EARLY DAYS - Homesteaders


wooden tub, washboard, washer and wringer

for heating water - metal wash tub, iron kettle, metal wash boiler

pails (for carrying water) and a dipper (to add more hot water while washing)

Laundry was washed by hand with a tub, washboard
and homemade lye soap. The tub was placed on a bench.

scrubbing from clipart etc

Laundry was hung outdoors on a clothesline.
In the winter laundry was hung indoors to dry.

clothesline from clipart etc

Sad irons or flat irons were heated on a stove. Some had stands to place the iron on. Irons with detachable handles were handy so you could iron while another iron was heating on the stove. The irons were heavy. Handles were wooden or metal.

A long narrow board served as an ironing board. The board was placed between two chairs or between a table and a chair. A thin blanket was used for an ironing pad.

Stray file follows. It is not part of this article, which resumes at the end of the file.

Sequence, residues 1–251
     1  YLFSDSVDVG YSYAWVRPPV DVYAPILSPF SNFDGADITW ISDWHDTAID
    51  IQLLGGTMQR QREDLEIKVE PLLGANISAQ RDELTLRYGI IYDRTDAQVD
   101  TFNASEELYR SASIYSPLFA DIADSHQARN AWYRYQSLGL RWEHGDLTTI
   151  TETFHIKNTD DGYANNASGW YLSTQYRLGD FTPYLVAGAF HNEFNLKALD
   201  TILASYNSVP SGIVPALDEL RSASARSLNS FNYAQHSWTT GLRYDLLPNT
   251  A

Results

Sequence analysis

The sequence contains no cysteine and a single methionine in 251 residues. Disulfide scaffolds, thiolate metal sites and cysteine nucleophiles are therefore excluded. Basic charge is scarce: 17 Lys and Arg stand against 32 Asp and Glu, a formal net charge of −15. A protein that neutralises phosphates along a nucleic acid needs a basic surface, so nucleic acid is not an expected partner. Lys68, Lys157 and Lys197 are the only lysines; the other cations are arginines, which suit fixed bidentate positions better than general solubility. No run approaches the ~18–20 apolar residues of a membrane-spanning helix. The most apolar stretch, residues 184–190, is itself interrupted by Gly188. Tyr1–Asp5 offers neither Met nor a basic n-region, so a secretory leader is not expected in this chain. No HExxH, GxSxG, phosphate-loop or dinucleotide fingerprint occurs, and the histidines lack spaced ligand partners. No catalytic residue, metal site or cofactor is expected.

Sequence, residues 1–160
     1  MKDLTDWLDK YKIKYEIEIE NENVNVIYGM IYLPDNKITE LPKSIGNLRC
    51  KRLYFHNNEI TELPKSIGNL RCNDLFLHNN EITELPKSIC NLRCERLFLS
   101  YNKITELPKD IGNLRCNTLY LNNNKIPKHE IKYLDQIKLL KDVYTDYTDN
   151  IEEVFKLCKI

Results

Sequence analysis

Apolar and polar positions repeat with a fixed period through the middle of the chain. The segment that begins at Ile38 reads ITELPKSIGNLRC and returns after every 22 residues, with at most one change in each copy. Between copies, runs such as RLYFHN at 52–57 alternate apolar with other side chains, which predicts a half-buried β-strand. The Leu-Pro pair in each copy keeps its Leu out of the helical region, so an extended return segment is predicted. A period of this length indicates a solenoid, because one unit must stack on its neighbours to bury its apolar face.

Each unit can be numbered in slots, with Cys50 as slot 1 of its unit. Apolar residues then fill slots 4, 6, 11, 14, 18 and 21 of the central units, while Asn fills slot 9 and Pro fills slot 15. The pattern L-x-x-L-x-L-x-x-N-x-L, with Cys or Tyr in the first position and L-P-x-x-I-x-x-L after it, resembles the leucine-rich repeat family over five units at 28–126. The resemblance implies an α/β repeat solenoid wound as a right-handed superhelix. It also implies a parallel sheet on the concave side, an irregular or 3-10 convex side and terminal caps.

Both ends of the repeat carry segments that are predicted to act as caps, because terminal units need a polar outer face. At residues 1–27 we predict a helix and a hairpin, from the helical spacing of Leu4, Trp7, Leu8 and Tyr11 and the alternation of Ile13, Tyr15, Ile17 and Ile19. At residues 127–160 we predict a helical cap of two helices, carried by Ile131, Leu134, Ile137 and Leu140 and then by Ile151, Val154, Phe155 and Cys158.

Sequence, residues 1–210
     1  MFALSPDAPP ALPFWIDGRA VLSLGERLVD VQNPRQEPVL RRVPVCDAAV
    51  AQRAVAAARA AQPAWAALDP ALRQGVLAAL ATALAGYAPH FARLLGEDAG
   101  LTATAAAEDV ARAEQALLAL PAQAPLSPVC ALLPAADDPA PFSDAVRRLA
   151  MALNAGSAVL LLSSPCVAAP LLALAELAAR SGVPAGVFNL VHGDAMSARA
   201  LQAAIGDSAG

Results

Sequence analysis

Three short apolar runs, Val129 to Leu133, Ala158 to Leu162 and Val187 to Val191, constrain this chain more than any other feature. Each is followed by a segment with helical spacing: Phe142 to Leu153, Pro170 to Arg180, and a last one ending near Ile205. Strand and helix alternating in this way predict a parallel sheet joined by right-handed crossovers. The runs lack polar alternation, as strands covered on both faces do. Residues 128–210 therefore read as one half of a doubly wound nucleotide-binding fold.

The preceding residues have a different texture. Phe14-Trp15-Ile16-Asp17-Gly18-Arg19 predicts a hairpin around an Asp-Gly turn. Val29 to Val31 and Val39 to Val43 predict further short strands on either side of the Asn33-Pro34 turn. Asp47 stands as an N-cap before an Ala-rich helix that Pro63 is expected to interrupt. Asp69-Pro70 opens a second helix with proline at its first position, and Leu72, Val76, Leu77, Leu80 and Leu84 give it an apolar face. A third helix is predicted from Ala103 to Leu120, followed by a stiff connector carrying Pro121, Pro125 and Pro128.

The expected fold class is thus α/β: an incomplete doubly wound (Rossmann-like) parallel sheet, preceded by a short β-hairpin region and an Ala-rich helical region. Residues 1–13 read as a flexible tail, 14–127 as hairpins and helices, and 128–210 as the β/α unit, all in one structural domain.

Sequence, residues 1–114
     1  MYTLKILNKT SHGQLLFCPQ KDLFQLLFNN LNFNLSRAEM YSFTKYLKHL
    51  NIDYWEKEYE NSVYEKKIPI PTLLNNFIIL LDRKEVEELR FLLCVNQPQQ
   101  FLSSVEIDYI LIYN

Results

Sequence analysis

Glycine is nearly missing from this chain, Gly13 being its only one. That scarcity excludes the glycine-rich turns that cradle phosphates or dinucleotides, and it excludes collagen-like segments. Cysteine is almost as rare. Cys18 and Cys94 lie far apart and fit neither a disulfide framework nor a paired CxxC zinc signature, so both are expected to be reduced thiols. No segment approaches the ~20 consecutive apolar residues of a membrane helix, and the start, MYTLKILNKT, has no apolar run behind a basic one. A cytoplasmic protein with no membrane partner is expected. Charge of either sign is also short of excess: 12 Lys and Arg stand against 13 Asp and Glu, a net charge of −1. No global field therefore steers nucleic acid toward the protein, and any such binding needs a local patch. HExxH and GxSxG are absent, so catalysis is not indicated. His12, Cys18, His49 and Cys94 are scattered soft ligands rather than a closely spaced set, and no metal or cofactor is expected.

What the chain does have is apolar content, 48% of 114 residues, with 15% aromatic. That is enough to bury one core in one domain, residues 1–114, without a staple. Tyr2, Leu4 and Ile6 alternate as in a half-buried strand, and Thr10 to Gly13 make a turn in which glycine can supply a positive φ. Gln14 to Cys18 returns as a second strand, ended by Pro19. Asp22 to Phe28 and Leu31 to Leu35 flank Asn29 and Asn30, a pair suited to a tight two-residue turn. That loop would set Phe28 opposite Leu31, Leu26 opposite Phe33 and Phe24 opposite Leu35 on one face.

ironing board from clipart etc

A hand-operated wringer was attached to the tub with clamps. It was hard to turn the rollers but it removed a lot more water than trying to wring out by hand. Then the laundry did not take as long to dry. The wringer was good for larger items like towels, blankets and sheets.


The first washing machines were hand-powered. The crank was turned by hand and the laundry was swished around to loosen the dirt. Metal tubs replaced wooden tubs.


(washing, ironing, making soap)

J.Giannetta 2017

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